detect interceptions.
14
2013 Thawte, Inc. All rights reserved. Thawte, the thawte logo, and other trademarks, service marks, and designs are registered or unregistered trademarks of Thawte,
Inc. and its subsidiaries and af liates in the United States and in foreign countries. All other trademarks are property of their respective owners.
7. Conclusion:
Enhancing the Effectiveness of
Encryptions used for SSL
T
he encryption algorithms used for SSL are not incapable of
being decrypted, they do not allow decrypting within a reason-
able time and cost. Unless users apply the measures required by
the characteristics and importance of the encrypted information,
code breakers can decrypt the encryptions.
There have been periods throughout history when encryption
methods were decrypted and no effective encryptions existed. In
the modern era, the popularization of computers and the Internet
have led to an encryption level unparalleled in the past and a situ-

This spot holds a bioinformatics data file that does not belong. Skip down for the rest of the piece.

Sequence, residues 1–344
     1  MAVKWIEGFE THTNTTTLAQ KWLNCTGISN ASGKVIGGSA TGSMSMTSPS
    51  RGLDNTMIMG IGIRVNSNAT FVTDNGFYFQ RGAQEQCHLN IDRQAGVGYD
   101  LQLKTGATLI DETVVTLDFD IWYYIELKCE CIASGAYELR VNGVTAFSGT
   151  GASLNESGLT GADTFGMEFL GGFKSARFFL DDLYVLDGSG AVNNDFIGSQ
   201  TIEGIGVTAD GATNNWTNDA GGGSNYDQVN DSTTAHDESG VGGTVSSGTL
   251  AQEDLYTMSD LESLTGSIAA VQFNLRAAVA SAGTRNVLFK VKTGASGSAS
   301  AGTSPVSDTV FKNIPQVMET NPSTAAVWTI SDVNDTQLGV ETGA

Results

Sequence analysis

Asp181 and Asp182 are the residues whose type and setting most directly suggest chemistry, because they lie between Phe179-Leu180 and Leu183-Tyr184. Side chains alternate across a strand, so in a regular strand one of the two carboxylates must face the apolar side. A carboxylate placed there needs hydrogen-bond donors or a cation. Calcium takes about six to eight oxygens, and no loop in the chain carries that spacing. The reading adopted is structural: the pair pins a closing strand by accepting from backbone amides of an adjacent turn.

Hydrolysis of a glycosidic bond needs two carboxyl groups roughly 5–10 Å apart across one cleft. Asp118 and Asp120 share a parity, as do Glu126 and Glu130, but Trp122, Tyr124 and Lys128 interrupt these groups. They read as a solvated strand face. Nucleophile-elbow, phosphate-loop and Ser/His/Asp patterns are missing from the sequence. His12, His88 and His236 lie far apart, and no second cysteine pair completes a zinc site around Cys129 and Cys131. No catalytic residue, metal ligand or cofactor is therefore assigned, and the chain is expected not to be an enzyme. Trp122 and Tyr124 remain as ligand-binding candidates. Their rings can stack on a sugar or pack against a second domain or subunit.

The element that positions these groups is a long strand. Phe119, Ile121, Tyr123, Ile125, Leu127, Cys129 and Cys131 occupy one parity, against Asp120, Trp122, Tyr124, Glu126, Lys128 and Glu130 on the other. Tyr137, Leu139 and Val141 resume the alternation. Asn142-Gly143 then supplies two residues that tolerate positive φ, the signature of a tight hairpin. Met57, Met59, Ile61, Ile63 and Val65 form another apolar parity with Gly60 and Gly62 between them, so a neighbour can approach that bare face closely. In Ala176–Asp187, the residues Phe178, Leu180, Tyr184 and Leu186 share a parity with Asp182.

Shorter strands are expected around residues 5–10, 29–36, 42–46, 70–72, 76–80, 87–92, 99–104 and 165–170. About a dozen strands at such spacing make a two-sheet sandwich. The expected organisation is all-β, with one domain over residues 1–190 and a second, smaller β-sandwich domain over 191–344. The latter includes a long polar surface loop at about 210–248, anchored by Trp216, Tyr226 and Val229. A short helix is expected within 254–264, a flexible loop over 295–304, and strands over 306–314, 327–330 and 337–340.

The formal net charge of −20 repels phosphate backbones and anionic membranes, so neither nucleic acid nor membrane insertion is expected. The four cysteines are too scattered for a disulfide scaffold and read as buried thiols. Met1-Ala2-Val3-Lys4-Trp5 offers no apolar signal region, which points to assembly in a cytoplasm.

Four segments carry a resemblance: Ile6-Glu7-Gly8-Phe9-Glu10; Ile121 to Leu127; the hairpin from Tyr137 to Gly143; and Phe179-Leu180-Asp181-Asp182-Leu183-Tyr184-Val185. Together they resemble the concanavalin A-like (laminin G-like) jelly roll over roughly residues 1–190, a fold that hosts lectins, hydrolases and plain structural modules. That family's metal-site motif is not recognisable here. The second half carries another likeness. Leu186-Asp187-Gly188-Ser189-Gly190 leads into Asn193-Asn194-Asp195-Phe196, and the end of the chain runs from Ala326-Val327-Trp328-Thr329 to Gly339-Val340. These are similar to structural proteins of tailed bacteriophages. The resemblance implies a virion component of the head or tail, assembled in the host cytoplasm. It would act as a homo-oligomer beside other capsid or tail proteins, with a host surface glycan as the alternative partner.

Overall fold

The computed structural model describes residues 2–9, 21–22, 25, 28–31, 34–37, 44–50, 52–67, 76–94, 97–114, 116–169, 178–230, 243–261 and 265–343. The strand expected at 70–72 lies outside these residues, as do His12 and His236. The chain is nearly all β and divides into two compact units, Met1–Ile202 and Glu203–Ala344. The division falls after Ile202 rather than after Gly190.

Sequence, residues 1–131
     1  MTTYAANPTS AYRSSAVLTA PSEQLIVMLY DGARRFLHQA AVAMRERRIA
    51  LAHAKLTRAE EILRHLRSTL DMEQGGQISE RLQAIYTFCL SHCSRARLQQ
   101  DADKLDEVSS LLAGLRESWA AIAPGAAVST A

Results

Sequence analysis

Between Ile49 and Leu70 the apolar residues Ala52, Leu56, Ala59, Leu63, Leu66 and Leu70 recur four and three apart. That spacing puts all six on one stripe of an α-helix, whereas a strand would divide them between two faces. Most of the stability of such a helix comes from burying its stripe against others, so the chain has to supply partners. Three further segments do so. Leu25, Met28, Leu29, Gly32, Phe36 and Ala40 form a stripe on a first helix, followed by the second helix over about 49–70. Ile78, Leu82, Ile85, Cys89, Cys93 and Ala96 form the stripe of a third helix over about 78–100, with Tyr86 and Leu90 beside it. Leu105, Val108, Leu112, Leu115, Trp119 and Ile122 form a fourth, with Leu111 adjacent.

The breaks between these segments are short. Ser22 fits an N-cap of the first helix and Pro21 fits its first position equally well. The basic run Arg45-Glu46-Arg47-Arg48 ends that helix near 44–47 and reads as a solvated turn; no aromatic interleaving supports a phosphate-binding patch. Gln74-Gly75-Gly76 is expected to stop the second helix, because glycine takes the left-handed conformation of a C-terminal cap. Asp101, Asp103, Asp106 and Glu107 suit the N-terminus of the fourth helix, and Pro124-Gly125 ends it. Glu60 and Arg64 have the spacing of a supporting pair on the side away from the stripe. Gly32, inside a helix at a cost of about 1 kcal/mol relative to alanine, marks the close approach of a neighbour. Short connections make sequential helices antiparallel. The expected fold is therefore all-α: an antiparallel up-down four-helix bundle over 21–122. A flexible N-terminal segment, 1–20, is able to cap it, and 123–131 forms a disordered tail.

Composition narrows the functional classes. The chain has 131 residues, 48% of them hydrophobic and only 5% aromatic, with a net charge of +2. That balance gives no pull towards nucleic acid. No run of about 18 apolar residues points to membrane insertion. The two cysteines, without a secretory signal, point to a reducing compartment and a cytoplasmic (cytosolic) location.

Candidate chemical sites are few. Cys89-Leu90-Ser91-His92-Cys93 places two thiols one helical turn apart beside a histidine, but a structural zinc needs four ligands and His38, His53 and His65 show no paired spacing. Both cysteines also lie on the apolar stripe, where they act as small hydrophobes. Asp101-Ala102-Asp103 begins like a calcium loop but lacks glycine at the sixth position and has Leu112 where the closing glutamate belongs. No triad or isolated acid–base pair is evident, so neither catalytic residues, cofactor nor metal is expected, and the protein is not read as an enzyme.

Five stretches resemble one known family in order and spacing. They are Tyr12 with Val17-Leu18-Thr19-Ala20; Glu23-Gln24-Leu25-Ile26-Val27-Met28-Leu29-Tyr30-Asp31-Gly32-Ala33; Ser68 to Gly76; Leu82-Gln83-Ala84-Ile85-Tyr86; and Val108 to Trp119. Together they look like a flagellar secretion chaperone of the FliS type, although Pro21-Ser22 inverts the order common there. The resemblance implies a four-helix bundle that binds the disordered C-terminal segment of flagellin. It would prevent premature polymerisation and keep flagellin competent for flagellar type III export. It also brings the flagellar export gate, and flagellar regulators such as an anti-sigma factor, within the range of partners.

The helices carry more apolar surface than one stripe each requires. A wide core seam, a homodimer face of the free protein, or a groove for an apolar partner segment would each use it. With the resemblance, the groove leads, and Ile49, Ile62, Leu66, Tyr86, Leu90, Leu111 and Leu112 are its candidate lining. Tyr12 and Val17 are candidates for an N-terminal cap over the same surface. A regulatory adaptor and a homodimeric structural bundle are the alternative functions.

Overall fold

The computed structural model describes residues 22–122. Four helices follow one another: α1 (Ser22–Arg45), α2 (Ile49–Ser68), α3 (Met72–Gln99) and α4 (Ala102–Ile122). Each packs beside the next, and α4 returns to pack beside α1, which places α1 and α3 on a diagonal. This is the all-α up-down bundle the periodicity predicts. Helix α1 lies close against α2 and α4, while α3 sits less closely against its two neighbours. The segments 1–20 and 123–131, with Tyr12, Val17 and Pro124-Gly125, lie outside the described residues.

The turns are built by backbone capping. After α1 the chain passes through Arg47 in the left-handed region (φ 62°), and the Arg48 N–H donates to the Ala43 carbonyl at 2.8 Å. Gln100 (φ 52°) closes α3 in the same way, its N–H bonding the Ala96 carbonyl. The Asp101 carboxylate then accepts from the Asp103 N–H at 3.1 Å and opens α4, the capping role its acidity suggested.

ation in which the absence of effective encryption would seriously
impact the use of the Internet.
Encryptions used for SSL can sustain their effectiveness pro-
vided that the encryption strength of the browser, server, and SSL
certifcate have all been enhanced to the same level, however,
effectiveness cannot be sustained unless the encryption strength
is enhanced, the same as with any other type of encryption.
It is important that both users and providers of information imple-
ment appropriate measures based on an adequate understanding
of the characteristic of encryption, which is that unless suffcient
measures are implemented they will eventually be decrypted.
References
Simon Singh, The Code Book (2001, Shinchosha)